Curriculum Research Center
The work of the Curriculum Research Center encompasses (1) surveys and research on basic issues surrounding curricular policies and programs in primary and secondary education, (2) liaison and research projects with research institutes, universities, and other bodies within Japan, and (3) provision of assistance and advice on primary and secondary curricular issues to Japanese educational institutions and educators.
More specifically, the Center implements the National Assessment of Academic Ability in collaboration with the Ministry of Education, Culture, Sports, Science and Technology (MEXT), research on the curriculum, surveys on specific issues, the Trends in International Mathematics and Science Study (TIMSS) survey, research and development of evaluation standards and methods, designated experimental school and region-specific projects, projects on the compilation of instruction materials and case study collections, and support for development of the curriculum and teaching methods for boards of education, schools, and educators.
Conducted by MEXT with the support of municipal boards of education, school corporations, and other bodies and oriented to the maintenance and enhancement of equality of opportunity in compulsory education, the National Assessment of Academic Ability seeks to ascertain and analyze the academic abilities and learning patterns of schoolchildren throughout Japan and to investigate the outcomes of educational policies and programs, identify issues requiring attention, and achieve improvements therein. The assessment tests abilities in Japanese and mathematics among sixth-year elementary school students and third-year lower secondary school students. The Center is responsible for producing the questions and explanatory materials used in the tests, and for analyzing and reporting on the results.
The Center conducts the following studies in order to develop a comprehensive understanding of the academic abilities of schoolchildren under the national Courses of Study and to apply that understanding to achieve improvements in teaching practice.
The Center identifies themes of particularly high importance and conducts practical research in designated schools and regions in order to obtain materials needed to upgrade curricular standards and to ensure that curricular programs based on the Courses of Study are implemented smoothly.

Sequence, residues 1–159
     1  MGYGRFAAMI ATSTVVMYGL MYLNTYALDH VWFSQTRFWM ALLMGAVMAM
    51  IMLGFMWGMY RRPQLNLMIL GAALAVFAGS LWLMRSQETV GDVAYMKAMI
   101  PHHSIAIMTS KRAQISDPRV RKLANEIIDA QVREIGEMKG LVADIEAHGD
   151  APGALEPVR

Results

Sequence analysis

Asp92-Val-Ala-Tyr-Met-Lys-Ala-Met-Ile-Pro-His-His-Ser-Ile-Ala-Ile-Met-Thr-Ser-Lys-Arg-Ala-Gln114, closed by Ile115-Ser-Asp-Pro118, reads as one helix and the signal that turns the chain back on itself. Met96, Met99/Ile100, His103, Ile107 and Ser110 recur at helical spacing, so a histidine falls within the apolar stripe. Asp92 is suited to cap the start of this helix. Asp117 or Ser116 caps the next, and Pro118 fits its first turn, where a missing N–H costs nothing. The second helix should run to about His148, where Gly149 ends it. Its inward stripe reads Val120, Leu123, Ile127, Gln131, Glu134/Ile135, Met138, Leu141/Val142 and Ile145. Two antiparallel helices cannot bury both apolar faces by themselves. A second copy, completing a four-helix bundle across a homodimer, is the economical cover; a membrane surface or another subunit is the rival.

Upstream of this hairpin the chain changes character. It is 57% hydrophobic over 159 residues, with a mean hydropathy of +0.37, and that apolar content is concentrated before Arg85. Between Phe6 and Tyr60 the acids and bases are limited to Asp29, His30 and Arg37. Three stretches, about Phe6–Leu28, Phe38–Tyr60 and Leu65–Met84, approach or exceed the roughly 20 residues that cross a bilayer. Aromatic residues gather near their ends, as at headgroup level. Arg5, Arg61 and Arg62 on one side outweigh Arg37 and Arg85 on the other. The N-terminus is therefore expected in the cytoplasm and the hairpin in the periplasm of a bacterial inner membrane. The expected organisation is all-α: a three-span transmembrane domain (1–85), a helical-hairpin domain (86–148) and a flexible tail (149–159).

The Center is pursuing research and development on standards and methods for use in objective evaluation of the degree to which the goals and content of the Courses of Study are being realized in different subject areas by schoolchildren in practice. Reference materials for use in determining evaluation standards were published in February 2002 for elementary and lower secondary schools, and in March 2004 for upper secondary schools.
The Center also produces teaching materials and collections of practical case studies on particularly important issues and contemporary issues, designed for use by schools in the course of improving their teaching programs.
Japan participates in the Trends in International Mathematics and Science Study (TIMSS) survey conducted by the International Association for the Evaluation of Educational Achievement (IEA). NIER is in charge of implementing the survey, which covers attainment standards and educational conditions in mathematics and science for schoolchildren aged 10 and 14. The survey is conducted every four years and, following on from 1995, 1999, and 2003, is being conducted in 2007 in some 60 different countries and regions worldwide. In Japan, the survey was implemented in March 2007, targeting fourth-year elementary and second-year lower secondary school students, with 150 schools and around 6,000 students selected at random from throughout the country. The results yielded every four years enable changes in schoolchildren's academic ability in mathematics and science to be identified. Information on survey results from other countries is also collected, and materials for use in future curricular amendments are produced. In fiscal 2007, which is the third year of the four-year program cycle concluding in fiscal 2008, the Center will mark responses to open-ended test questions in mathematics and science and input data thereon.
|Comprehensive Study on Career Education in Schools-Curricular Approaches to Cultivating Qualities and Abilities Needed for Social Independence among Schoolchildren||Leader: MIYAKE Masao
Period: FY 2007-FY 2009
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Conducted over a three-year term beginning in the current fiscal year, this study explores strategies for establishing and expanding career education programs in schools, with the aim of identifying approaches to curricular development to cultivate qualities and abilities needed for social independence among schoolchildren, such as occupational and work-related outlooks, capacity for career design (future planning), self-affirmation, and communicative abilities.